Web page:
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Exhibition Review: The Micrarium @ Grant Museum

Tabish Khan
By Tabish Khan Last edited 46 months ago
Exhibition Review: The Micrarium @ Grant Museum
Installing the Micrarium  Conservator Felicity Bolton cleaning the Micrarium slides in-situ. © UCL, Grant Museum of Zoology/Robert Eagle
Installing the Micrarium Conservator Felicity Bolton cleaning the Micrarium slides in-situ. © UCL, Grant Museum of Zoology/Robert Eagle
A slice through a tortoise mite  © UCL, Grant Museum of Zoology/Richard Weedon
A slice through a tortoise mite © UCL, Grant Museum of Zoology/Richard Weedon
A group of copepods (small crustaceans)  © UCL, Grant Museum of Zoology/Richard Weedon
A group of copepods (small crustaceans) © UCL, Grant Museum of Zoology/Richard Weedon
A young cuttlefish  © UCL, Grant Museum of Zoology/Richard Weedon
A young cuttlefish © UCL, Grant Museum of Zoology/Richard Weedon
The Micrarium, from left to right a whole sea spider, mantis shrimp, beetle slice and a pair of stained brine shrimps. © UCL, Grant Museum of Zoology/Robert Eagle
The Micrarium, from left to right a whole sea spider, mantis shrimp, beetle slice and a pair of stained brine shrimps. © UCL, Grant Museum of Zoology/Robert Eagle
The Micrarium  From left to right, serial sections of lamprey head, a European garden spider in section, earthworm oesophagus and adult female firefly. © UCL, Grant Museum of Zoology/Robert Eagle
The Micrarium From left to right, serial sections of lamprey head, a European garden spider in section, earthworm oesophagus and adult female firefly. © UCL, Grant Museum of Zoology/Robert Eagle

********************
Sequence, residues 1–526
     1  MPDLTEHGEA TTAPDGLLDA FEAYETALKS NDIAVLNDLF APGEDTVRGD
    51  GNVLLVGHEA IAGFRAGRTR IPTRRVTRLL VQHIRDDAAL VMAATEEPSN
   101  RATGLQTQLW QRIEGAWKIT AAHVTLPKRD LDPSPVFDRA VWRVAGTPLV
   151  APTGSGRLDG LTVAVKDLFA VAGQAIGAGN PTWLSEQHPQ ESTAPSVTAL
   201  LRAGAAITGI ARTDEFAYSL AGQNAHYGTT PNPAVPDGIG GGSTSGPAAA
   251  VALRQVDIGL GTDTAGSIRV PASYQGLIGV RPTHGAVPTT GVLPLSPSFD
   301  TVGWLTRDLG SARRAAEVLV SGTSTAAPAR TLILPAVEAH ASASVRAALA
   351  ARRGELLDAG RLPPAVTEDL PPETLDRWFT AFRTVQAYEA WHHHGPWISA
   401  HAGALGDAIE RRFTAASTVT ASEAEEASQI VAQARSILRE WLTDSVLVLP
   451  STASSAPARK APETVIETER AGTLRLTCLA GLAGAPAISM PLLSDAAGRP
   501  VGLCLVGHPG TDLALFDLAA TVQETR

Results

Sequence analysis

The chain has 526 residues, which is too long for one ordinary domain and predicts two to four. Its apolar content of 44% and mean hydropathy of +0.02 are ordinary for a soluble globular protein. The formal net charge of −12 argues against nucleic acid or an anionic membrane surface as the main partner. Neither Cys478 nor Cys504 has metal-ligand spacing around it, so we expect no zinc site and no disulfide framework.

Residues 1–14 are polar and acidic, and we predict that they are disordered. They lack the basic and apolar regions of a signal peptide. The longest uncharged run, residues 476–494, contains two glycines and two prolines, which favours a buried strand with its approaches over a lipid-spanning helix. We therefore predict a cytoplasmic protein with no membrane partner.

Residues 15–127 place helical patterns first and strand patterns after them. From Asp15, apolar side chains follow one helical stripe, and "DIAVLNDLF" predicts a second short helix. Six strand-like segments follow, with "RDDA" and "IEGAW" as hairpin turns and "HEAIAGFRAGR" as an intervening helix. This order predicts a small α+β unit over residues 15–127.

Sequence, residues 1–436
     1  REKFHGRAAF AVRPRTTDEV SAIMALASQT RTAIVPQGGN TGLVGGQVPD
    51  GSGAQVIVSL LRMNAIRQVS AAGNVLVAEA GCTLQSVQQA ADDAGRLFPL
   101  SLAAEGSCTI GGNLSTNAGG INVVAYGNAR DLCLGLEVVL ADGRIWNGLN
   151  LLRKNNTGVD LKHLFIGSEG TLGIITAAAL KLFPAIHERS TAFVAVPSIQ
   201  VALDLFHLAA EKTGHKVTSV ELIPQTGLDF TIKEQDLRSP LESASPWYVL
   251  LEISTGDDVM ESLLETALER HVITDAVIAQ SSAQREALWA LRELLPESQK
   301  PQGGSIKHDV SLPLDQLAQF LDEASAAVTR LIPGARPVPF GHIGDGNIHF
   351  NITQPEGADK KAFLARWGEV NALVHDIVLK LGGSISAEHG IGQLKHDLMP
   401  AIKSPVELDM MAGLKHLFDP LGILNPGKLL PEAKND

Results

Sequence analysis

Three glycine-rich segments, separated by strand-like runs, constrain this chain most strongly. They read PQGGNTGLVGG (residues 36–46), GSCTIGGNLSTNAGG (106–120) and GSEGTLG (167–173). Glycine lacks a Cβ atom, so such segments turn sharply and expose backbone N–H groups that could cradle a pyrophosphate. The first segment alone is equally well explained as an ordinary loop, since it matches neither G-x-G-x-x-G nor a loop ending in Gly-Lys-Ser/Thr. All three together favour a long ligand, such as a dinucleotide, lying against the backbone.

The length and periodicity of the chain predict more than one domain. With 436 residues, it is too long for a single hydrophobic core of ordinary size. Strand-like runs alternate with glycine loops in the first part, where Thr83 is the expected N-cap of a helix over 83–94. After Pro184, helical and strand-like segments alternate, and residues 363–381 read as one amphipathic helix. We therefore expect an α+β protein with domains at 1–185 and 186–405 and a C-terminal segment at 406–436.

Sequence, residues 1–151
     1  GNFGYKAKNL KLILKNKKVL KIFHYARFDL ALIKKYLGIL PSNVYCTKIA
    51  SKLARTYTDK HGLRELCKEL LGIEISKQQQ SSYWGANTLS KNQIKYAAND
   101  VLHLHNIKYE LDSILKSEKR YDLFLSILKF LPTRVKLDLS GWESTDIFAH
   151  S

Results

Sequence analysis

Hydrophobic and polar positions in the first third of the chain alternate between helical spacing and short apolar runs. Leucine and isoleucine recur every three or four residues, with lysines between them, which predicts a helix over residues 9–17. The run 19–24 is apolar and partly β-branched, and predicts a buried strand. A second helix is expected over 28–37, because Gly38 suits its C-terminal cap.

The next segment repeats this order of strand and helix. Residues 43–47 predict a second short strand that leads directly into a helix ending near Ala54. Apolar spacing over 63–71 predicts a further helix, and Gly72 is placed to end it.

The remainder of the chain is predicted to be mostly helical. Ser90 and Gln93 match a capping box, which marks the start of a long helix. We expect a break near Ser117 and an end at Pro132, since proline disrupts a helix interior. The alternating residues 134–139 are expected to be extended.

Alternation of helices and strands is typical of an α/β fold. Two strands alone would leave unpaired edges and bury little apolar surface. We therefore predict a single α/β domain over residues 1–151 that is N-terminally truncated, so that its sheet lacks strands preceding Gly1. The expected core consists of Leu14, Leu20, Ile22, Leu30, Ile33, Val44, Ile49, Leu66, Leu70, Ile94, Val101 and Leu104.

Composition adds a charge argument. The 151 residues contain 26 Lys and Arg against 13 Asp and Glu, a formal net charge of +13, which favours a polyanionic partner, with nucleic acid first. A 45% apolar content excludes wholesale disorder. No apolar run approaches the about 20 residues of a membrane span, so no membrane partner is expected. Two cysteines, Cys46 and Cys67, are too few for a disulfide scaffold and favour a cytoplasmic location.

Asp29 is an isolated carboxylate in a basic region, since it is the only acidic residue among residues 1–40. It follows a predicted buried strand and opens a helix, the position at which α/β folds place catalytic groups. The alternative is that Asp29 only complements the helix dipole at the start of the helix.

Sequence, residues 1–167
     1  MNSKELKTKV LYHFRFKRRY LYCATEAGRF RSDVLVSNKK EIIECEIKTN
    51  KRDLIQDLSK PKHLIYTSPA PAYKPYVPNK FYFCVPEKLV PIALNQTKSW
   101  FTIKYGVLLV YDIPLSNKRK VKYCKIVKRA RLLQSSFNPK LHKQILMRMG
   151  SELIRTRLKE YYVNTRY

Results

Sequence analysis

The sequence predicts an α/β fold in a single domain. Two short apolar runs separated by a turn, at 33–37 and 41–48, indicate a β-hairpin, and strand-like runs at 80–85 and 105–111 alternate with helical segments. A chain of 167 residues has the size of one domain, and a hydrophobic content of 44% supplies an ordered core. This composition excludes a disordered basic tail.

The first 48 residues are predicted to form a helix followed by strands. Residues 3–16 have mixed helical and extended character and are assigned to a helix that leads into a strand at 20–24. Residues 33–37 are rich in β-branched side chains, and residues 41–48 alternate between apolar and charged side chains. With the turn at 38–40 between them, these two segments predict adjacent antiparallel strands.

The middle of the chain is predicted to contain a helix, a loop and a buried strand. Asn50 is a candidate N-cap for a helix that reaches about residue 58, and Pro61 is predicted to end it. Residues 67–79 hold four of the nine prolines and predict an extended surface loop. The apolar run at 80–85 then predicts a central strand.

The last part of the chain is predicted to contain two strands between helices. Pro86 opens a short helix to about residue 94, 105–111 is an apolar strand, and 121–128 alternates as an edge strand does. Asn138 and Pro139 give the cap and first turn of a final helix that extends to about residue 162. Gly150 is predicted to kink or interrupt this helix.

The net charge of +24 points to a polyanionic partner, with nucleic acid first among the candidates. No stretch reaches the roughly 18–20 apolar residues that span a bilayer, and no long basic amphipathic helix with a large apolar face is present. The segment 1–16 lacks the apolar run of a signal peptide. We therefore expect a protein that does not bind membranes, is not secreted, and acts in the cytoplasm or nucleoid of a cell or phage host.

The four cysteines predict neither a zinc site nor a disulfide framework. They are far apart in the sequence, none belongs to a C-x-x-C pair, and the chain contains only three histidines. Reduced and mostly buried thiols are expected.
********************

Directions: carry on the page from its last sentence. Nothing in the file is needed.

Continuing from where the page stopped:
The Grant Museum is one of London's lesser known treasures. It's a small museum full of biological curiosities such as a rare skeleton of a quagga (an extinct relative of the zebra) to a jarful of moles or a tiger foetus. All these exhibits are crowded into a small space and it has a distinctly Victorian feel to it.

Its latest addition is the Micrarium – a small shrine dedicated to the miniscule organisms that we share the planet with but are often neglected compared to larger animals. It's a compact three sided space with only enough room for one person, but it's packed with slides from floor to ceiling. They contain varied specimens from a sawfly to a rat ovary, but are visible with the naked eye.

They are all hand labelled, making visitors feel like they've stumbled into the laboratory of an entomologist (someone who studies insects). In keeping with this theme some slides are indecipherable for non-experts, simply stating 'Hemipteran' or including the odd question mark as they're not sure what's been found.

In any other museum this would seem a strange addition but at the Grant Museum it fits in perfectly with their other quirky exhibits. It also draws attention to the world of tiny creatures, which are often ignored but play a vital part in nearly all ecosystems.

The Micrarium: A Place for Tiny Things is the latest addition to the Grant Museum of Zoology, Rockefeller Building, University College London, 21 University Street, WC1E 6DE. Admission is free.

Last Updated 14 February 2013